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VXer targets Romanian gypsy music

Manele-hating malware

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Internet Security Threat Report 2014

A mass-mailing virus designed to wipe Romanian gypsy music off PCs is spreading rapidly across the east European country. The virus, dubbed Antiman-A, uses a recent story about the kidnapping of three Romanian journalists - abducted by a little-known terrorist Iraqi group approximately a month ago - to trap curious punters.

The subject line of the infected message is in Romanian and varies from: "Voteaza azi!" ("Vote today"), "Antivirus", "Antimanele" ("Against Gypsy music"), to "Cum a murit Papa?" ("How did the Pope die?"). The message body is also in Romanian, and typically tries to trick users into opening an infected attachment by encouraging them to tackle part in a "virtual poll" concerning the withdrawal of Romanian troops from Iraq or by posing as an anti-virus utility. Once executed, the malicious code erases all files which contain the names of well-known gypsy music singers.

The electronic version of traditional gypsy music - dubbed manele - is increasingly popular in Romania but the genre also has its detractors who have praised the virus as a 'utilitarian' blessing.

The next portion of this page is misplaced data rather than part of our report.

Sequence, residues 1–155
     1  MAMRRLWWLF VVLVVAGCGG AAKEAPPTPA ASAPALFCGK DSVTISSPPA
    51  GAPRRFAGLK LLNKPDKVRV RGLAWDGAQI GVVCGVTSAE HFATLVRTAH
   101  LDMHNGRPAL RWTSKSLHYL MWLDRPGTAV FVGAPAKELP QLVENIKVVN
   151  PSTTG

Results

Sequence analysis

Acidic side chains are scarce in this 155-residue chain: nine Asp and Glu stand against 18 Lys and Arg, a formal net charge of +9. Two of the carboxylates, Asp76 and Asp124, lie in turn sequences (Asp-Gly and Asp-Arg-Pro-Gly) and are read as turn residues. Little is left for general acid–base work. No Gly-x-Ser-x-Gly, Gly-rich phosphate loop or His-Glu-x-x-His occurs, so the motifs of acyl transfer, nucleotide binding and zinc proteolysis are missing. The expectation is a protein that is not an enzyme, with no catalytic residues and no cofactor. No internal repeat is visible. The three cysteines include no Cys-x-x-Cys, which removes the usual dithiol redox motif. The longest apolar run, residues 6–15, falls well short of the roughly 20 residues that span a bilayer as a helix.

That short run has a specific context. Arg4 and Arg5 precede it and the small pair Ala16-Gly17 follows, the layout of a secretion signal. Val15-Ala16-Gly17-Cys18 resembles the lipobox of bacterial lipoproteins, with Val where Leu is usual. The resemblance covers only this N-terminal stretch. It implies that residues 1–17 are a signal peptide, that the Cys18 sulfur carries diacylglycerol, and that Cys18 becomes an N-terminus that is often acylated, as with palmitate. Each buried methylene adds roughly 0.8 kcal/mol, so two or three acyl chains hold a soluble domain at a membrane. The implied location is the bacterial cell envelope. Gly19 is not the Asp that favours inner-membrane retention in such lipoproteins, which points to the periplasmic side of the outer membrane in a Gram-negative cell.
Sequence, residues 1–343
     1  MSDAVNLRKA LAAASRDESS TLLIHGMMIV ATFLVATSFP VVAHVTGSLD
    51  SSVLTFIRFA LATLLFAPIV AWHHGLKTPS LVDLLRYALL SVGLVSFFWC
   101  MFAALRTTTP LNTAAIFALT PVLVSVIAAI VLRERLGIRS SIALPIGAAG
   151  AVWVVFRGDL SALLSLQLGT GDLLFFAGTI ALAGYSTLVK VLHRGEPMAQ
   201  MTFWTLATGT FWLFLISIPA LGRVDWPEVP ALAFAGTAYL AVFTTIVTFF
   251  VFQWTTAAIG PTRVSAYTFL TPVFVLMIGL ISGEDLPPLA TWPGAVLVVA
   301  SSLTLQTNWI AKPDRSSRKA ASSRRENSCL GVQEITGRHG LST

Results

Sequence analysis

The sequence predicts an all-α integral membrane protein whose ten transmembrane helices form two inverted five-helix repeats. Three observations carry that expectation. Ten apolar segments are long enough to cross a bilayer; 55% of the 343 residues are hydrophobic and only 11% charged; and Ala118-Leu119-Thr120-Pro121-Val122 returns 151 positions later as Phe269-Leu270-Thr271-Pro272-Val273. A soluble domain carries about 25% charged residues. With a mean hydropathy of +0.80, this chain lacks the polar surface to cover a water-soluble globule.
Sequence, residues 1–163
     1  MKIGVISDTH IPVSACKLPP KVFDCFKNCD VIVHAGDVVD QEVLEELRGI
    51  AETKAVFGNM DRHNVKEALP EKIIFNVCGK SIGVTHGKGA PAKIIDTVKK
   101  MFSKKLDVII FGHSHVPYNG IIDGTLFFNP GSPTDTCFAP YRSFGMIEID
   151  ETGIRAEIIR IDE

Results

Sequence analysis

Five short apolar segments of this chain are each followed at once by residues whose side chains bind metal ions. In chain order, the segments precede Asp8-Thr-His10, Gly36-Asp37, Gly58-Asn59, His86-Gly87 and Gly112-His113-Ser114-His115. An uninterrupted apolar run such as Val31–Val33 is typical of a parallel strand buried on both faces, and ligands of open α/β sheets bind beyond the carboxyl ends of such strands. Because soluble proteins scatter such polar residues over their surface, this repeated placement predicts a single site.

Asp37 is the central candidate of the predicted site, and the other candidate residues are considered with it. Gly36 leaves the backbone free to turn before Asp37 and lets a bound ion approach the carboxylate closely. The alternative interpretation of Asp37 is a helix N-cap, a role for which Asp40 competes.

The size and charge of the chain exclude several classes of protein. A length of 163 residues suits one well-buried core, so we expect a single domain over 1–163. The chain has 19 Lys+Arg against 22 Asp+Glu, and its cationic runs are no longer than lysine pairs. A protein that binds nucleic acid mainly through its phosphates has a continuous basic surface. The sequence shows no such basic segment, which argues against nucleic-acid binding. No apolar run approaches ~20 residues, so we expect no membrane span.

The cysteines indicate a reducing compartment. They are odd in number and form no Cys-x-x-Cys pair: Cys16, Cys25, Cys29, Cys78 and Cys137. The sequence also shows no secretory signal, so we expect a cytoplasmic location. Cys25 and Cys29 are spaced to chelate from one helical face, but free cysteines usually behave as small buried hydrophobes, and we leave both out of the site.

Apart from an apparent abhorrence of Gipsy music, the Auntiman-A author's musical tastes remain sadly unknown. Perhaps something like Marilyn Manson might ring the bell of your average VXer, but perhaps unpleasant Canadian pomp rock is closer to the mark. After all, everybody in the IT industry loves Rush - at least according to a recent poll.

Back in Romania, meanwhile, anti-virus firm BitDefender CTO, Bogdan Dumitru, said: "The author of this piece of malware is most certainly a Romanian citizen, who has designed it in order to show his deep discontent with the ever increasing popularity of Gypsy music in Romania. Despite the fact that technically it is a very simple code, the virus is spreading at an amazing speed throughout Romania, due to the skilful social engineering tricks employed by its author."

Vali The Blizzard, a popular Manele singer, told Ananova: "I don't believe this is a threat for us. On the contrary they are doing us a favour. This way our fans will have to buy the CDs and not take the music from the internet for free." ®

Related stories

MP3 zapping malware worms onto P2P network
Canon Japan disses entire UK gypsy IT sector
Goth sysadmins rage against Reg music machine

Internet Security Threat Report 2014

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